- Contested Divorce: While reaching an agreement regarding all issues relating to your divorce settlement is ideal, it is oftentimes not practical. In such cases, a Florida contested divorce is inevitable because the parties cannot sit down to agree on the terms of their divorce. It is also necessary in situations where a spouse does not want to get a divorce in the first place. The spouses should seek the help of a Florida family law attorney in any contested divorce situation. Moreover, it is of paramount importance to retain the services of a qualified attorney in situations where there is a history of spousal abuse, where one spouse has a high net worth, or if one spouse involved the other in a lot of joint debt. The Law Office of John Vernon Moore, P.A. has represented many individuals through the course of their contested divorces. Any time our firm is involved in a contested divorce, we expend the necessary research to discover evidence that will help them to win the case. This includes the other party's financial dealings as well as their personal lives. In some cases, there might be a need for legal support during contested divorce matters. You can count on our Brevard County family law attorney to provide you legal assistance when involved with contested divorce cases.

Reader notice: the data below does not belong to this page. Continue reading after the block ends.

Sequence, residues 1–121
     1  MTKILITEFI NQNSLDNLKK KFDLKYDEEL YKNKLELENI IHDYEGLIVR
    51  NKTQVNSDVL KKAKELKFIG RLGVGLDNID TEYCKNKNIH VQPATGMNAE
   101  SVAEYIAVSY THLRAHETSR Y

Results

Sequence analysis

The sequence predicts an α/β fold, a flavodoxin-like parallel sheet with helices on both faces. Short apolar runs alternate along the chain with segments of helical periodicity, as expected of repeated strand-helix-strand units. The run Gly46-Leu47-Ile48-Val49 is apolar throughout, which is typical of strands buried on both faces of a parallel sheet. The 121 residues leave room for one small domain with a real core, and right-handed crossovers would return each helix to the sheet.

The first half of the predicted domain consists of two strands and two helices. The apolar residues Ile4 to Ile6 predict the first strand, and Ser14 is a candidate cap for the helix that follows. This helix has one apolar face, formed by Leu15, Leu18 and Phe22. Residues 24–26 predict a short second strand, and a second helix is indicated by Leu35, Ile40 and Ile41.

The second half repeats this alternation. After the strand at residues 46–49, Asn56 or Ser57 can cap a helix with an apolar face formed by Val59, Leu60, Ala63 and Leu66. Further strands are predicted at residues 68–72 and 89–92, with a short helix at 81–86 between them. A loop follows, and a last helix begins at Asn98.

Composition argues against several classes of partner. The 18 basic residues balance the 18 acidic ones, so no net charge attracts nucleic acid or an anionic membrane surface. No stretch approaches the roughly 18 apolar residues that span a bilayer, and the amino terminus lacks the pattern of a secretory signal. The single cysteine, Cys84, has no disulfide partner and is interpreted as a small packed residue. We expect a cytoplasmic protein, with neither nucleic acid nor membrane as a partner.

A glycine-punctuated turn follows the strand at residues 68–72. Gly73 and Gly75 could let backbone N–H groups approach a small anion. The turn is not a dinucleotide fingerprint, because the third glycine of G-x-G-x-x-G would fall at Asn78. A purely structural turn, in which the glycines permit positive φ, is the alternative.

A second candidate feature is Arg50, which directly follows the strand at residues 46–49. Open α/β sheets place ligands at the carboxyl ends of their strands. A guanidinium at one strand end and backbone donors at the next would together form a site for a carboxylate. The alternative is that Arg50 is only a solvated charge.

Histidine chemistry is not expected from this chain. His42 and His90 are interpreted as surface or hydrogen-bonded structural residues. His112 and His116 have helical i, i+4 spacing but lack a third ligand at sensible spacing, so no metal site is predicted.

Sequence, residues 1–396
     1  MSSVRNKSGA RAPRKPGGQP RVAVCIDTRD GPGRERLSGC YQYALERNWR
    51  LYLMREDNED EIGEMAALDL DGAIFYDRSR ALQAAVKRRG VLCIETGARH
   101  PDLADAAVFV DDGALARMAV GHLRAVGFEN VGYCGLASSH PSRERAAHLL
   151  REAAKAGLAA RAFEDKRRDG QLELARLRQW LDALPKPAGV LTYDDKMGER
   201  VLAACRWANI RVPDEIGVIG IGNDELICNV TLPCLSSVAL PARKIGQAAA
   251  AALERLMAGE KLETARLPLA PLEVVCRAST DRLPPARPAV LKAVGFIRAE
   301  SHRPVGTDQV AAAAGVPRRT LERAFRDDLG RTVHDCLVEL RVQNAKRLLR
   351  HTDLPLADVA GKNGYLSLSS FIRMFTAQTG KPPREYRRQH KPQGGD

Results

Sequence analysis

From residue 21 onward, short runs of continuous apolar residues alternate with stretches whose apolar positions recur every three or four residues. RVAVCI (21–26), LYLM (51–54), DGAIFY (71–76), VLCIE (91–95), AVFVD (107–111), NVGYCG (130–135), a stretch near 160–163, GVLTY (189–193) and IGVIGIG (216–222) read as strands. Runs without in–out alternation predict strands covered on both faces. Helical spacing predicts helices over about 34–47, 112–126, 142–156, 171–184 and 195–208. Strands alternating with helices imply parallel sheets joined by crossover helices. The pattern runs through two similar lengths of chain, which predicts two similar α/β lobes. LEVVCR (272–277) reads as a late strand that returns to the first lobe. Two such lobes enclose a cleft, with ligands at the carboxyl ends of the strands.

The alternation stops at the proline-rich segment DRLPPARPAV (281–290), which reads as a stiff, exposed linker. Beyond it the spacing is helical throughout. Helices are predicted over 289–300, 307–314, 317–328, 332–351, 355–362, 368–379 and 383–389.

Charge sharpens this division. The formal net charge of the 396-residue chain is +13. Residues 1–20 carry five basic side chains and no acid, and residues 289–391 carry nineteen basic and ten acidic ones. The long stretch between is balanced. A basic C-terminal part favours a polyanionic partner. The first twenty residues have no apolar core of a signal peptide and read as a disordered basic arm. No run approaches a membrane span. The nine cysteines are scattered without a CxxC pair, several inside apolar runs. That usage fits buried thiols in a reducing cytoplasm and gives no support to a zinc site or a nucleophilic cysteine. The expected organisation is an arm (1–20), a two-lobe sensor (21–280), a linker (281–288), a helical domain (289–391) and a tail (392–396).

- Military Divorce: Our law office in Florida can handle military divorce cases because we understand every aspect of Florida law as it concerns the military.
- Divorce Appeals: We handle divorce appeals for Florida spouses who are undergoing a divorce case. Our family law counsel in Brevard County, Florida eases the process of handling divorce appeals.
- Asset & Debt Division: Asset and debt division often presents a challenge for divorcing couples in Florida. We provide asset and debt division and resolution strategies for intending divorcees.